In Nioh, you’ll find that your stamina – or Ki – is crucial to survival. Every time you attack, dodge, block, or run, you expend some of it and recharging it is a must if you want to win any sort of fight. Introduced in the game is something called a “Ki pulse”, which allows players to hit the R1 button right after an attack to quickly regain your stamina, sort of like Bloodborne’s parry system, although your enemy won’t be knocked down while this is happening. Making sure you execute a perfect Ki pulse is important, but no more so than when fighting a Yokai.
When fighting certain demons, you are surrounded by what’s referred to as a “Yokai realm”, a black and white circle that stops you from regaining stamina. Performing a perfect Ki pulse allows you to dispel the aura around the demon and regain stamina against the gigantic beasts you might be fighting. While some might consider this method of recharging stamina exploitative, the game does a great job of balancing out just how much stamina you spend, making every use of the pulse vital.
Much like the Souls game that Team Ninja was inspired by, Nioh has a lot to offer in the way of play styles. There’s a myriad of different weapons to find and play with, and the game encourages you to keep exploring, as your weapon will break down over time with use. Each weapon type can be tweaked with special abilities that give you stance-specific advantages over opponents, and the inclusion of aspects like this only make you want to keep playing to master every form of combat.
In a game that features so much varying styles of fighting, it’s a bit sad to see there was no PvP gameplay put into the game at launch. While a post-launch update is coming that will include the mode, it would be nice to be able to fight against live opponents. The closest you’ll get now is through the games Revenant system, a take on Dark Souls’ bloodstains, which allow you to fight the ghosts of past players who have died where you find yourself. Killing a revenant might be tough depending on their level, but is rewarding in the form of a potentially good item drop. The game does feature a co-op mode, summoning a friend into the world of Nioh will make the average level incredibly easy (including the bosses). Thankfully, Team Ninja thought of that when creating Twilight missions, which are essentially past versions of missions you’ve already played, only with the difficulty turned up past 11 to make it hard for you and your friend.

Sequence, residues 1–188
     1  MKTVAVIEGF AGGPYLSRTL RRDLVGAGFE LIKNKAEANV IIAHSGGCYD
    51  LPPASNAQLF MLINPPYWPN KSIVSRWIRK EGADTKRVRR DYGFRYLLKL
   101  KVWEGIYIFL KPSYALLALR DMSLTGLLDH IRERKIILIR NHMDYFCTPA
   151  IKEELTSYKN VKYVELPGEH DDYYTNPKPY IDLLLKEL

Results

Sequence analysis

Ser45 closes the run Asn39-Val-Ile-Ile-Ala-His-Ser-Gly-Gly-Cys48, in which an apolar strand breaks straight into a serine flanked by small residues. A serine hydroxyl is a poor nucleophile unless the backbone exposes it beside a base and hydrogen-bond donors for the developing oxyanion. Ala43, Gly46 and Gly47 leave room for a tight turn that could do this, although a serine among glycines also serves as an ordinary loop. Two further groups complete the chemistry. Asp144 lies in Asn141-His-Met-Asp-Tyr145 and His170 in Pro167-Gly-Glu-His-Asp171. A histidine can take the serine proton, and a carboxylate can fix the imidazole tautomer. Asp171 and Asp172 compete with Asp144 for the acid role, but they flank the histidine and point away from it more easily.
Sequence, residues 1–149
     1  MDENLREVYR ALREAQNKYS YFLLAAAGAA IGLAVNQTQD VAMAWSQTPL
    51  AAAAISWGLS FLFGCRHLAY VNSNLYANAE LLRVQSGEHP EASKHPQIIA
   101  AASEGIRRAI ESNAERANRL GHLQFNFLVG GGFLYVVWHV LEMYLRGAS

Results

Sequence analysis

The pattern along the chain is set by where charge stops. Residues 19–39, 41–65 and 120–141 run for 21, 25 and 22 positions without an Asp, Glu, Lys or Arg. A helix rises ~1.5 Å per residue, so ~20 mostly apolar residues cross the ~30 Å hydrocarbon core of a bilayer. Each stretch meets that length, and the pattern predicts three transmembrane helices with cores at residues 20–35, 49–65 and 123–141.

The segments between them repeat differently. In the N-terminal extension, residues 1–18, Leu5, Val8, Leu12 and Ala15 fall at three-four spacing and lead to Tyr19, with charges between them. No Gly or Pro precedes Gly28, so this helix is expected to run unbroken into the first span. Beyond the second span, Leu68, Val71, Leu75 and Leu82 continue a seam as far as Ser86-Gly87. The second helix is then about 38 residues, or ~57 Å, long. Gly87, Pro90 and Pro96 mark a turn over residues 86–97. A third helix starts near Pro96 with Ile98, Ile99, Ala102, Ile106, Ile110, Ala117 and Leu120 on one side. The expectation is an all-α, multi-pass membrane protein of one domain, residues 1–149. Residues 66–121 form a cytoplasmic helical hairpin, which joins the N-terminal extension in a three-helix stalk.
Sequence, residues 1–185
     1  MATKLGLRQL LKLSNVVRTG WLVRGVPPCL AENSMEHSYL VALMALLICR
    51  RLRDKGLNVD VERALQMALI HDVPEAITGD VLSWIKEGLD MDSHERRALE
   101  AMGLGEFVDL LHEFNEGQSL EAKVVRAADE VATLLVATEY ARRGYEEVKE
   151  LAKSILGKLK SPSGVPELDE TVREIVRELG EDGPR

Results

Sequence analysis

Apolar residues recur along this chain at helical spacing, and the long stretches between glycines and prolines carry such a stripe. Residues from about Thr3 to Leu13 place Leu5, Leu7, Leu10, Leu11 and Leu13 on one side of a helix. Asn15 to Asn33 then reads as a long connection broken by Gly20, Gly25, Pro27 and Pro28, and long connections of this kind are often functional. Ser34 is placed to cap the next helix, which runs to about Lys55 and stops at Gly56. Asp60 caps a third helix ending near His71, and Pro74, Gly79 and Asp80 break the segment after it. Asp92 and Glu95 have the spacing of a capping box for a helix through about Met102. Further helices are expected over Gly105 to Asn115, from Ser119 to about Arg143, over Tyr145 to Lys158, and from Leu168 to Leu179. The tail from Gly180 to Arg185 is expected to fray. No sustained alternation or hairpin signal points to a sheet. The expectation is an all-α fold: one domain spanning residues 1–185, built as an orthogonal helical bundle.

When it comes to a game such as Nioh, you’re only as good as your bosses, and Nioh is very good in that department. The game already hit a home run in terms of enemy design and variety, and the bosses only add to that impressive list of uniqueness. Each fight seems vastly different than the last; one boss might be a frighteningly fast demon that forces you to dodge constantly, and another could be a gigantic, lumbering beast that forces you to take things slower. Every boss is designed wonderfully, and each fight is memorable in some way.
While some might play Nioh and see nothing but a Dark Souls clone, the game is surprisingly much more than that. Not only is the game refreshingly challenging and packed with enough content that even 100 hours might not see a player find and complete everything, it manages to take inspiration from a great series and build on it in a way that makes it it’s very own. Team Ninja made a truly marvelous game with Nioh, and when all is said and done, this could easily go down as a bonafide classic in the action RPG world.
This review was based on a copy of Nioh on the PlayStation 4 provided by Sony.